On the night shots of the fountain we noticed a markedly lack of detail in the water drops in the Q images. Those images were taken with the electronic shutter so we went back in daylight and took shots with the electronic shutter as well as the leaf shutter.
There was no difference between the two kinds of shutter and there was plenty of detail in the falling water. The images are JPGs, cropped and with some contrast added.
The Pentax Q JPG files were consistently smaller than the Olympus files. The Pentax simply compresses the images more than we are used to at a three star setting. We therefore decided to once again compare RAW and JPG.
While the difference is subtle, there is less detail in the JPG shots. This can be seen in the back of the chairs and the flower petals. We still recommend to use JPG for most shotsso as to avoid the hassle of having to do the lens correction in post processing (we skipped that step in the above RAW samples).
We we not able to provoke any purple fringing by shooting tree leaves and twigs against a bright sky which is usually a safe way to provoke fringing. We did observe some flare when the sun was just outside of the frame - had we had a lens hood available that would have suppressed the flare in most cases.
Shooting directly into the sun with the 01 Standard Prime produced a reflection of the sun most likely due to the strong light being bounced back from the sensor into the lens and reflected back again onto the sensor. It could be that the light was reflected off of the diaphragm which was set to f/5.6, in other words it was almost closed fully down.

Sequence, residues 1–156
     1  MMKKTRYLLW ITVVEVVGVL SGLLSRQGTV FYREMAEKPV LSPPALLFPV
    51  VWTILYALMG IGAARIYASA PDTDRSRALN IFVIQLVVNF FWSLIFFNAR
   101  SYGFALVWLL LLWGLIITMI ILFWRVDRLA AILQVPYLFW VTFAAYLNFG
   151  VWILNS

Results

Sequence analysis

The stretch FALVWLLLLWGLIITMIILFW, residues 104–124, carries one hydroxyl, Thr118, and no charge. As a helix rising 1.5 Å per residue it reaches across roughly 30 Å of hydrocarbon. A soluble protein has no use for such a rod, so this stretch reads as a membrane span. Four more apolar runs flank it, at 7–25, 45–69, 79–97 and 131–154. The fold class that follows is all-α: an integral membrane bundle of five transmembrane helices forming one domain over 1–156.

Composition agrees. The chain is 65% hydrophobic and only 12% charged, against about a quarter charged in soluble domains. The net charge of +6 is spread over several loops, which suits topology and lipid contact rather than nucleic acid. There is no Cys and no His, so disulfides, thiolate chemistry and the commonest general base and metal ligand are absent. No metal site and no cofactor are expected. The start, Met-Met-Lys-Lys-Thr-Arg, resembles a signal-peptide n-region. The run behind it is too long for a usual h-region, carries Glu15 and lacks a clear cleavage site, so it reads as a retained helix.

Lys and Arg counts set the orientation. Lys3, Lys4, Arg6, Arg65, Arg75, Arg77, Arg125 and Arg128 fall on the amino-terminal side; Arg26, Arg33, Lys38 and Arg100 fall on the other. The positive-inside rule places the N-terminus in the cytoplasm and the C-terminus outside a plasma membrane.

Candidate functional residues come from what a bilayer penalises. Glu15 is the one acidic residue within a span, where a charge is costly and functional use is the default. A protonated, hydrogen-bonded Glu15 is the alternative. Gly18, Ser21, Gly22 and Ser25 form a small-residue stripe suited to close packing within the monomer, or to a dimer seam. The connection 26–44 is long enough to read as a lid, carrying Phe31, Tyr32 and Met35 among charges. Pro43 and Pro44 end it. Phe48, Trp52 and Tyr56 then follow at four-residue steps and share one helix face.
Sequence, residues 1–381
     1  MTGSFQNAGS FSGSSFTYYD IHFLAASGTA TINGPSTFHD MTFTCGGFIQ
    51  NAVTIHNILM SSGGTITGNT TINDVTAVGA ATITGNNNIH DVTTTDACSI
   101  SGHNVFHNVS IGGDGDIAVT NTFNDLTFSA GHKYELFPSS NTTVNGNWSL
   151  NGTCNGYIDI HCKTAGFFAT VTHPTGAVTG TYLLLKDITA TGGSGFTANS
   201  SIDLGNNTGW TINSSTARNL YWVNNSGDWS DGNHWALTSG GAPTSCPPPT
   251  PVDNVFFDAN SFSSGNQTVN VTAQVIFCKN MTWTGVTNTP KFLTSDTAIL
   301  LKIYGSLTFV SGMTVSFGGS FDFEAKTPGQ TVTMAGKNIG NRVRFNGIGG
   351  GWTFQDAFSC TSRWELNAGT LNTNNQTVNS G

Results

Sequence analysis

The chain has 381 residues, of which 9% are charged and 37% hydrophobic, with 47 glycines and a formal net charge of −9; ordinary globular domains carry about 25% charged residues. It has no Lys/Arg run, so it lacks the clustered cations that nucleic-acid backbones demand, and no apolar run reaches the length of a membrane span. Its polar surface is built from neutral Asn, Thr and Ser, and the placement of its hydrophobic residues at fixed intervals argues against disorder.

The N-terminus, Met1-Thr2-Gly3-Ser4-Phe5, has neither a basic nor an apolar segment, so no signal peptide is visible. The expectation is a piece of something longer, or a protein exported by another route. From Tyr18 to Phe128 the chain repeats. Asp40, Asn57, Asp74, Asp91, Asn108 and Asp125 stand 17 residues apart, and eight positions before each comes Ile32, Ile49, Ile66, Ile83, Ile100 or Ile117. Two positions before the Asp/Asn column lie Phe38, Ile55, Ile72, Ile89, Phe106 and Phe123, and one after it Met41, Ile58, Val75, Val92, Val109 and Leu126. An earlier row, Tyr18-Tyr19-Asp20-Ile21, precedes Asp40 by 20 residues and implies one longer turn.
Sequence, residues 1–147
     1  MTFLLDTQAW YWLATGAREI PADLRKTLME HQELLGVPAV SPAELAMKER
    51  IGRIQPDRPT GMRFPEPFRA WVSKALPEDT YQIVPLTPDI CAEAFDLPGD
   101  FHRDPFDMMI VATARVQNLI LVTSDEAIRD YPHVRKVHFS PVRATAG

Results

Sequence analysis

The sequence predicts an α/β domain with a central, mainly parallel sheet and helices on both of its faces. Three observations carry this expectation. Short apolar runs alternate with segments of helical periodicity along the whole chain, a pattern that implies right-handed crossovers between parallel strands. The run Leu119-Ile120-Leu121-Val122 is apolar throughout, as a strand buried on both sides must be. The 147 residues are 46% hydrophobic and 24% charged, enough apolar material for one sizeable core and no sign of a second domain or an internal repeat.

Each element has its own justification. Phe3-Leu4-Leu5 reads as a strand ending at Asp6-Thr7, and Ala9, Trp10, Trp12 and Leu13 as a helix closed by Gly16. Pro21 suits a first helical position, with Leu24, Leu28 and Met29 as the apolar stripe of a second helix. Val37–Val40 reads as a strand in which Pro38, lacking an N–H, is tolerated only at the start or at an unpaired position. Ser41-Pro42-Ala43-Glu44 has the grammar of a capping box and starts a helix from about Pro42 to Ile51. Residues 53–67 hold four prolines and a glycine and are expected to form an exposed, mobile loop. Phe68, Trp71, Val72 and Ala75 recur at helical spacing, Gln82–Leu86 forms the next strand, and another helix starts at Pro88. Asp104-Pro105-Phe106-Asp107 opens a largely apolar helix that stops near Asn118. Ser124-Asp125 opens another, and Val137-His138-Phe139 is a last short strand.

01 Standard Prime Lens, f/5.6, JPG
These two lenses are the only "serious" lenses in the current lens line-up. They are auto focus, have built-in leaf shutters and neutral density (ND) filters. The focal length of the prime is 8.5mm and is thus covered by the range of the zoom. So what is the justification for the prime lens? We found image quality virtually identical as per the example photos below, so what's left in favor of the prime is it's one and a half stop faster maximum aperture of f/1.9 where the zoom at 8.5mm focal length is f/3.5, and much smaller physical size.
|Zoom at 8.1mm, ISO 125 f/5.6, RAW (3.4 MB)||01 Prime, ISO 125 f/5.6, RAW (3.4 MB)|
Our final comparison is the Q versus an APS-C sensor represented by the Pentax K-7. This is a 14.6 MP sensor, reasonably close to the 12.4 MP sensor of the Q for this comparison. The images were shot in the RAW DNG format and processed with similar settings in Adobe Camera Raw. To match the depth of field of the Q we would have to use f/22 on the K-7, but diffraction would set in at that aperture so we settled for less depth of field and used f/11. As we saw earlier diffraction is not an issue on the Q at f/5.6.
|Pentax Q with 01 Standard Prime at f/5.6, ISO 125 (click the image for a 100% crop (600 kB))|
|Pentax K-7 with FA*28-70 at 31mm, f/11, ISO 200 (click the image for a 100% crop (800 kB))|
At the low Web resolution of the images above one the K-7 image appears only slightly better than the Q. However, at 100% resolution the K-7 has a significant edge over the Q even if we didn't use a prime lens on the K-7.
Finally we will compare the 02 Standard Zoom at 7.5mm, 10mm and 15mm with the FA*28-70mm zoom at corresponding focal lengths. The images were cropped but not re-sized. They were shot in RAW DNG and processed similarly in Adobe Camera Caw. Click a thumbnail to download a 100% crop.
|Q with 02 Standard Zoom at 7.4mm f/5.6 ISO 125 (2.4 MB)||K-7 with FA* 28-70mm zoom at 28mm f/11 ISO 200 (4.7 MB)|
|Q with 02 Standard Zoom at 10mm f/5.6 ISO 125 (2.7 MB)||K-7 with FA* 28-70mm zoom at 37mm f/11 ISO 200 (4.8 MB)|
|Q with 02 Standard Zoom at 15mm f/5.6 ISO 125 (2.3 MB)||K-7 with FA* 28-70mm zoom at 58mm f/11 ISO 200 (4.5 MB)|